Inside news
Kirill Denisov was never away from the judo family
Kirill Denisov was never away from the judo family
18 Feb 2021 12:05
IJF Media Department and JudoInside
IJF Media Team / International Judo Federation

Kirill Denisov was one of the best performers when it comes to peaking at the right moment. He could be out of sight for moths, but when he had to perform at the highest level, Denisov never disappointed. He won silver U90kg at the 2015 World Championships and bronze U100kg in 2017. Six times he finished in the top five of a World Championship.

Denisov won the European title in 2011, 2013 and the European Games in 2015. Kirill finished fifth at the London Olympic Games and even in a new weight category U100kg he took quite a few medals and was a valuable team player in the Russian team.

Even after finishing a career as a professional athlete, Kirill kept close to the sport. After a brilliant judo career, Kirill was offered the role of Sport Director of the Russian Judo Federation.

The IJF was able to talk to Denisov and ask him about his new position. He explained that the Tel Aviv Grand Slam is his first competition with the new title and he is eager to provide the Russian athletes with the best service he can, while also acting as the bridge that brings athletes and officials together.

How it all started as Sport Director?

One year ago, I was injured at the Grand Prix Tel Aviv. Then the pandemic took hold and it was a difficult period in which to try to come back. At that time I received an offer to be the Sport Director of the Russian Judo Federation, which was a great challenge for me, to check my abilities.

How difficult was it to transfer from judoka to being a manager of judoka?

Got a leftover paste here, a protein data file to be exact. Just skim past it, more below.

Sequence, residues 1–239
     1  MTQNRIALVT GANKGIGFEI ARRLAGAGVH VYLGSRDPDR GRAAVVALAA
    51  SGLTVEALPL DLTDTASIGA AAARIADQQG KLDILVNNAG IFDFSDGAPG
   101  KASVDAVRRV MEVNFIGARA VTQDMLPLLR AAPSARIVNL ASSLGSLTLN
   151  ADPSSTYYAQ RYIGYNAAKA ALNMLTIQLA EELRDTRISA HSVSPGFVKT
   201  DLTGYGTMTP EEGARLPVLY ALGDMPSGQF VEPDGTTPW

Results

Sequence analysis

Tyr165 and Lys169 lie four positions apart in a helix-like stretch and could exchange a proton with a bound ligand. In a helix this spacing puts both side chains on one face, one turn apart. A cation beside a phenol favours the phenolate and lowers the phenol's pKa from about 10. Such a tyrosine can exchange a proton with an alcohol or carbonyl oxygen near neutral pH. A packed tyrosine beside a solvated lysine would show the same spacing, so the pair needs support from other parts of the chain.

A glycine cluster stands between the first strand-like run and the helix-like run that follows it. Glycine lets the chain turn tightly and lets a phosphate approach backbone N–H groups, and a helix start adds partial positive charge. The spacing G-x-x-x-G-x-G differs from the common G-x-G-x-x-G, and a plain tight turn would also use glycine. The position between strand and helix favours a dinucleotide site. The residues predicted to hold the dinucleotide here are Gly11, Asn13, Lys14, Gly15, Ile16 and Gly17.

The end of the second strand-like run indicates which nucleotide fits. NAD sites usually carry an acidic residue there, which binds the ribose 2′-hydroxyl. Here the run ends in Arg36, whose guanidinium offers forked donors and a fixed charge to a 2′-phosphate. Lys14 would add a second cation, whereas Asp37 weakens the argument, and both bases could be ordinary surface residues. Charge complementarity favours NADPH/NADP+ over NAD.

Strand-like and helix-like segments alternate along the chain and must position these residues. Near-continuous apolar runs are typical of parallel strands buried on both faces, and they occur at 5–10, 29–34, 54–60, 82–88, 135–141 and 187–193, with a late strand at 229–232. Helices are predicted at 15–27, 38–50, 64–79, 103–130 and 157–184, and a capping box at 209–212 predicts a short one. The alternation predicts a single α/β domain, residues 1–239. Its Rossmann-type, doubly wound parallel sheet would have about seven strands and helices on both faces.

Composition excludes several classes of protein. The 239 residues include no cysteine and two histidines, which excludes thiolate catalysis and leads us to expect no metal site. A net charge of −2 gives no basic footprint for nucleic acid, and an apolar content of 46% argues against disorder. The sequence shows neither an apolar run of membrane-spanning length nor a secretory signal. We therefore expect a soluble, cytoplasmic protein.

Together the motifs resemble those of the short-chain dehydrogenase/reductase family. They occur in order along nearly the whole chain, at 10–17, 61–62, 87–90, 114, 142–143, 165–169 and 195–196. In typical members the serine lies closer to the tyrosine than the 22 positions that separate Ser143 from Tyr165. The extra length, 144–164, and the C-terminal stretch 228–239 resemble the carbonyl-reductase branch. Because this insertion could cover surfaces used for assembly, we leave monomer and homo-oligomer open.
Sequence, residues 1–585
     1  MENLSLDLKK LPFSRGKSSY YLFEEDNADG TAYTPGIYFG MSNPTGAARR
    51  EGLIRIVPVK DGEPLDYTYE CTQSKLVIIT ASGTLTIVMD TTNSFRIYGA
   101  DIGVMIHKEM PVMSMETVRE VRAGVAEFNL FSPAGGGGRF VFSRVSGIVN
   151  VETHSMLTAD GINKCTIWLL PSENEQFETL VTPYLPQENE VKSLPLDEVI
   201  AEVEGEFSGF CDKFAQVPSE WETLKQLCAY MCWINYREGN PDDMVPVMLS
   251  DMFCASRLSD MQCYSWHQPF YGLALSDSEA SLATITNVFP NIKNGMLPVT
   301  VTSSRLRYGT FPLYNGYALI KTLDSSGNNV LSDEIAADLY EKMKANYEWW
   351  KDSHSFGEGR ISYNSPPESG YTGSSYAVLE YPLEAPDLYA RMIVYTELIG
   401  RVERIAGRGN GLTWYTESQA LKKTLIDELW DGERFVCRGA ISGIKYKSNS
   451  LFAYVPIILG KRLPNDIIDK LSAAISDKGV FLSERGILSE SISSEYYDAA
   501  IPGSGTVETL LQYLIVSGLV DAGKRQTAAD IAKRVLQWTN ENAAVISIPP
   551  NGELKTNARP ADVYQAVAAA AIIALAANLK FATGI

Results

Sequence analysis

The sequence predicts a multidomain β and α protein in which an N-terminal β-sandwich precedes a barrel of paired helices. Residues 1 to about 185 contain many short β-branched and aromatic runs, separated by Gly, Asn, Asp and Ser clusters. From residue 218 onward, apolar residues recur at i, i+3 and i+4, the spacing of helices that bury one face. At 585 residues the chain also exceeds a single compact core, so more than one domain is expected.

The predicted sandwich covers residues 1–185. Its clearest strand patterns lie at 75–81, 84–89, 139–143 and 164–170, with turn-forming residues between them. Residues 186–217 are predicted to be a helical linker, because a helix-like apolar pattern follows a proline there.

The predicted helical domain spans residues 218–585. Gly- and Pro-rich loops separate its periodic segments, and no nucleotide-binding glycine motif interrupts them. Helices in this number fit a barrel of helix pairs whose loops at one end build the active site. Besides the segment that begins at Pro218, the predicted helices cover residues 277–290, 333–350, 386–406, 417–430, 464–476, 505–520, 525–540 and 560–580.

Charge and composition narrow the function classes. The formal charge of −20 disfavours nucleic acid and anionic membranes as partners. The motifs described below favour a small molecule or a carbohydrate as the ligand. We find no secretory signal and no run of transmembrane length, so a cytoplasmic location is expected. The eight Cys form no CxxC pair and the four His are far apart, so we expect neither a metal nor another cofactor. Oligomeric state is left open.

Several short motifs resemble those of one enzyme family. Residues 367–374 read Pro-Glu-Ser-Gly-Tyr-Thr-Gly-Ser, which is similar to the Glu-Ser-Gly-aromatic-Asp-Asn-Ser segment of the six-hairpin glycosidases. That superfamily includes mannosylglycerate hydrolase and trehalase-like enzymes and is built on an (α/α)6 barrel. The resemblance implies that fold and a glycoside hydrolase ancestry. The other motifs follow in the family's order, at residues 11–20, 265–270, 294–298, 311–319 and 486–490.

I have experience of being in a position of responsibility because I have run my own club for the last three years. We have 900 judoka and many different projects within the club, such as family judo, judo for kids and so on. It is like a small federation for me, because I work with parents, kids and coaches. Also, last year we organised a big project with Ivan Nifontov, which was called Triumph Judo League, with 60 clubs taking part.

What is the main difference between being an athlete and a sport director?

It is totally different and very interesting. Now I begin to understand how the IJF really works. It is a serious job. Being an athlete is more free but here I have to be serious and the main target is to grow judo in Russia. I feel it is a duty and a big responsibility.

How do athletes feel, now that you are one of the top managers of the team?

They still don’t understand it (smiling), but the main positive of me coming from the national team is that it will be easier to establish strong relationships between the office and the team. We have to build relationships every cycle and I think that is very important.

How are you going to prepare a team for the World Championships and Olympic Games?

It is very difficult for athletes, especially now, during the pandemic and with all the consequences of it being so new to manage. So, my target is to establish a comfortable atmosphere for the athletes and bring them ready and fresh to Olympic Games. I hope we will be ready 105% for the Olympic Games and we are planning to have at least 2 golds, with 6 medals in total.

How are you going to announce who is going to the games?

I am happy that we have a general manager of the team, Ezio Gamba, and it is his decision to announce who is going. We all believe in his selections. A great example is the last Olympics, where we had 5 gold medals and we know that Mister Gamba’s decisions are always strong and right. He carries maximum authority in the team. 

The Russian judo team has always been one of the best on the world circuit. With an elite athlete joining the management team, we believe it will only grow. It is also important to highlight that the career of a judoka does not stop; there are many different possibilities where they can add their input for the benefit of the sport, starting from the national level and up to the international scene.

By Jakhongir Toshpulatov and Pedro Lasuen